MEMOIRS OF THE YEAR TWO THOUSAND FIVE HUNDRED ... Translated from the French, by W. Hooper, M.D. In Two Volumes. London: Printed for G. Robinson, in Pater-noster-Row, 1772. 12mo, two vo lumes: pp. [i-v] vi-viii [ix-x]  2-224; [i-iv]  2-248, eighteenth-century full speckled sheep, spine panels stamped in gold, gauffered edges. First edition in English. A translation of L'AN DEUX MILLE QUATRE CENT QUARANTE, first published in Amsterdam in 1771. "This first utopia set in future time was one of the eighteenth century's most successful books. It was immediately banned in France, put on the Inquisition's list of forbidden books in 1773, and condemned in Madrid in 1778 as a blasphemous work whose distributors, if discovered, would be fined five hundred ducats and sentenced to six years in prison. The Year 2440 had eleven editions in French between 1771 and 1799, as well as two English translations and translations into Dutch, Italian, and German. Investigation of its printing history leads Everett Wilkie to conclude that 'there were 18,000 copies in print in three languages by the end of 1772 and 30,000 copies by the end of 1782, at which point it had spread thoroughly over Europe ... 63,000 copies had been printed by Mercier's death' in 1814. The book was less successful across the Atlantic, but a 1795 Philadelphia edition was 'nevertheless, the first utopian novel published in North America.' George Washington and Thomas Jefferson owned copies of The Year 2440." - Alkon, Origins of Futuristic Fiction, p. 117. "The first account of an ideal society to be set in a real place (Paris) in the future, thus establishing the image as a goal to be attained rather than a mere standard for comparison. The reforms imagined by Mercier -- the extrapolation of Enlightenment ideals, including a keen appreciation of scientific and technical progress, guided by Rousseauesque Romanticism -- are instituted by a wise and benevolent king, but the book lent encouragement nevertheless to would-be revolutionaries. It was unlicensed by the government censors, and thus circulated illegally, but became a massive bestseller. Later editions were considerably augmented, mostly by the addition of new footnotes, which eventually expanded to greater length than the main text, making its construction very awkward; even so, it remains a landmark text." - Anatomy of Wonder (2004) II-757. "... although the earliest specimens of futuristic fiction were in English, the glory of discovering the true potentialities of the genre belongs to the French -- to Sébastien Mercier who established the first satisfactory model of the new fiction ... The utopian prophecy of L'AN 2440, the first influential story of the future in world literature, became one of the most widely read books in the last quarter of the eighteenth century. The translations into Dutch and German, the English and American editions, and the many imitations show how Mercier beguiled his readers in two continents with the vision of a dream come true." - Clarke, The Pattern of Expectation 1644-2001, p. 23. See Alkon, Origins of Futuristic Fiction, esp. pp. 117-29. Anatomy of Wonder (1976) 1-29; (1981) 1-123; (1987) 1-63; (1995) 1-63; and (2004) II-757. Bleiler, Science-Fiction: The Early Years 1476. Claeys (ed), Utopian Literature, pp. 10; 74; 138, Clarke, Tale of the Future (1978), p. 2. Fortunati and Trousson (eds), Dictionary of Literary Utopias, pp. 43-5. Howgego, Encyclopedia of Exploration: Invented and Apocryphal Narratives of Travel M35. Lewis, Utopian Literature, pp. 120-22. Negley, Utopian Literature: A Bibliography 772. Versins, Encyclopédie de l'Utopie, des Voyages Extraordinaires et de la Science Fiction, p. 582. Bleiler (1978), p. 138. Reginald 10017. Top section of upper joints cracking, a very good copy. An excellent copy of a major eighteenth-century utopian novel. (#170121).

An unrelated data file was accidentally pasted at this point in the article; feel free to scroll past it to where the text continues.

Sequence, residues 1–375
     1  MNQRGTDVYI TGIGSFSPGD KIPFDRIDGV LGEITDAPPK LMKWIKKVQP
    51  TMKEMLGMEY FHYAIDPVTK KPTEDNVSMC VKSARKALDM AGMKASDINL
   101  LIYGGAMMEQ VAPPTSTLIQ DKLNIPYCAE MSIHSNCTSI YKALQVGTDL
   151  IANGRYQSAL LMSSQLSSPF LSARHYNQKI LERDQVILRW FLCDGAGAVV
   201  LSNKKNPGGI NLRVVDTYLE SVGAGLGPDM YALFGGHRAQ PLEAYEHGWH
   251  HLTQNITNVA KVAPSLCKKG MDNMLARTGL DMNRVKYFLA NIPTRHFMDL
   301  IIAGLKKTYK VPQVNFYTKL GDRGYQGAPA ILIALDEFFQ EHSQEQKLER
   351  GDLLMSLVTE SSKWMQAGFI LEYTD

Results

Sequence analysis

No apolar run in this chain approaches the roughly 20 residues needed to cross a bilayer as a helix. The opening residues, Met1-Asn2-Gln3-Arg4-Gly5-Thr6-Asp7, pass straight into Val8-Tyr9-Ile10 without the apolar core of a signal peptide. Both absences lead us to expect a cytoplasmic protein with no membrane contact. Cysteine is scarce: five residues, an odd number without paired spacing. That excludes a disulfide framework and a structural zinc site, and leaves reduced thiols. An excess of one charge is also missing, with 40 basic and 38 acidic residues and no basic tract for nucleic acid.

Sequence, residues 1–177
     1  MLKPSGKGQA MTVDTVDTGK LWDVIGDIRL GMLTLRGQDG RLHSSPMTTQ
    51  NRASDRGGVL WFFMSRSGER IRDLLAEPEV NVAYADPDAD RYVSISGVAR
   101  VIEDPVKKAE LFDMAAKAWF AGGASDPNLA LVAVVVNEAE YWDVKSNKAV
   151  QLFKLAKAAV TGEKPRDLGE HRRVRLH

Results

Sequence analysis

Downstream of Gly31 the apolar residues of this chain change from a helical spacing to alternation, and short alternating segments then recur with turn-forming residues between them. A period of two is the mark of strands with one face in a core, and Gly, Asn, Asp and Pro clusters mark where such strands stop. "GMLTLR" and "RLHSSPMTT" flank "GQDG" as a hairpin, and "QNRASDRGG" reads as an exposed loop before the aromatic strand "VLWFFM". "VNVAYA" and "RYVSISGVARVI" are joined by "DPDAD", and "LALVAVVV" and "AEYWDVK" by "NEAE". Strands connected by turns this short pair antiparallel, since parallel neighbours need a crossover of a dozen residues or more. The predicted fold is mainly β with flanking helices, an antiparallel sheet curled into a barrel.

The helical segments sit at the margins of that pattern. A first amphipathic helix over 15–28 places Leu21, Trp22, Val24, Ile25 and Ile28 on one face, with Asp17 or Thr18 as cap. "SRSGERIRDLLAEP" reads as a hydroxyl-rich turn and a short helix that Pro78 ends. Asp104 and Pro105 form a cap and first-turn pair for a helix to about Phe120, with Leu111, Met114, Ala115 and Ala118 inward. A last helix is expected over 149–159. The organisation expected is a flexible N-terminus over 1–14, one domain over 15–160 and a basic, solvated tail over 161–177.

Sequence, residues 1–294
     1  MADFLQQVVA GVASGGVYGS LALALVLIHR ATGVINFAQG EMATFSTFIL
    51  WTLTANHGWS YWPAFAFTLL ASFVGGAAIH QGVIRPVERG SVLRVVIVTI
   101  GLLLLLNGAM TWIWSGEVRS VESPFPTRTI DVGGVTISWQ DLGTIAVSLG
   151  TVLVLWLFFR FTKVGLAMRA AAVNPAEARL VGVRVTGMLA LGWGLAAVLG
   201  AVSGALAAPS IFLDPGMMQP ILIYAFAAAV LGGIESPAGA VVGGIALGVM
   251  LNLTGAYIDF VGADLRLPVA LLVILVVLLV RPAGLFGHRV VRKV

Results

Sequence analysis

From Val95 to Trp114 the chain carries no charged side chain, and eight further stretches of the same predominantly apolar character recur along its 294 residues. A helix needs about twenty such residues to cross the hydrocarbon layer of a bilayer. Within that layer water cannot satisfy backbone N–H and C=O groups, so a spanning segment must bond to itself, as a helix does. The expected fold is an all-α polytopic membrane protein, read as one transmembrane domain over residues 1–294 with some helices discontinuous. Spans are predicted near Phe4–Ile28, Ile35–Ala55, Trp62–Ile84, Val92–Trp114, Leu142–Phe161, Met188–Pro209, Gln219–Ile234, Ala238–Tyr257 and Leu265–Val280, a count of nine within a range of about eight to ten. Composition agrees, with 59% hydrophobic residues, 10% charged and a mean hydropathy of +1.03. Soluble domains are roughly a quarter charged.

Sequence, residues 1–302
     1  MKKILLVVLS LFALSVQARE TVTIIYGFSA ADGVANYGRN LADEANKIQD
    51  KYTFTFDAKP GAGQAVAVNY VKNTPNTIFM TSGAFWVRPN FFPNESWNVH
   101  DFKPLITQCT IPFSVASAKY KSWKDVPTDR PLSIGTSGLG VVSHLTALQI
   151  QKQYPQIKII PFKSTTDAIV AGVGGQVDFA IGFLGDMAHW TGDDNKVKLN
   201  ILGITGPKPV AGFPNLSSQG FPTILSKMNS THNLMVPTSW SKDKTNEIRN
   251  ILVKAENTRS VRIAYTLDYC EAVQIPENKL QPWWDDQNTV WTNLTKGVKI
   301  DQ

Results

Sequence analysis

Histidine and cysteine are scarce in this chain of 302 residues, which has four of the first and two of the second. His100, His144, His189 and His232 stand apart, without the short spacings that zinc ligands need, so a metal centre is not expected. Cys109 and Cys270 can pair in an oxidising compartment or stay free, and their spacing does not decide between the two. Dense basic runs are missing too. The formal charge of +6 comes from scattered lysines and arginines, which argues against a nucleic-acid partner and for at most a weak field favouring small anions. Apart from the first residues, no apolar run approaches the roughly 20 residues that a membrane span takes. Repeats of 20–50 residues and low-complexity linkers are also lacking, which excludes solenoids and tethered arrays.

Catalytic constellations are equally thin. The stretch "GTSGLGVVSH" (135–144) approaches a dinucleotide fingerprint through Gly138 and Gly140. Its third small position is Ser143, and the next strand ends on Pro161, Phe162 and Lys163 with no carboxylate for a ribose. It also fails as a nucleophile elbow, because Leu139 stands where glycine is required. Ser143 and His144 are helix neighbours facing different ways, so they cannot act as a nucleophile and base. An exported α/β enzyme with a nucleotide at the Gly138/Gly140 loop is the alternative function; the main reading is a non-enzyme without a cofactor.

No statement of printing.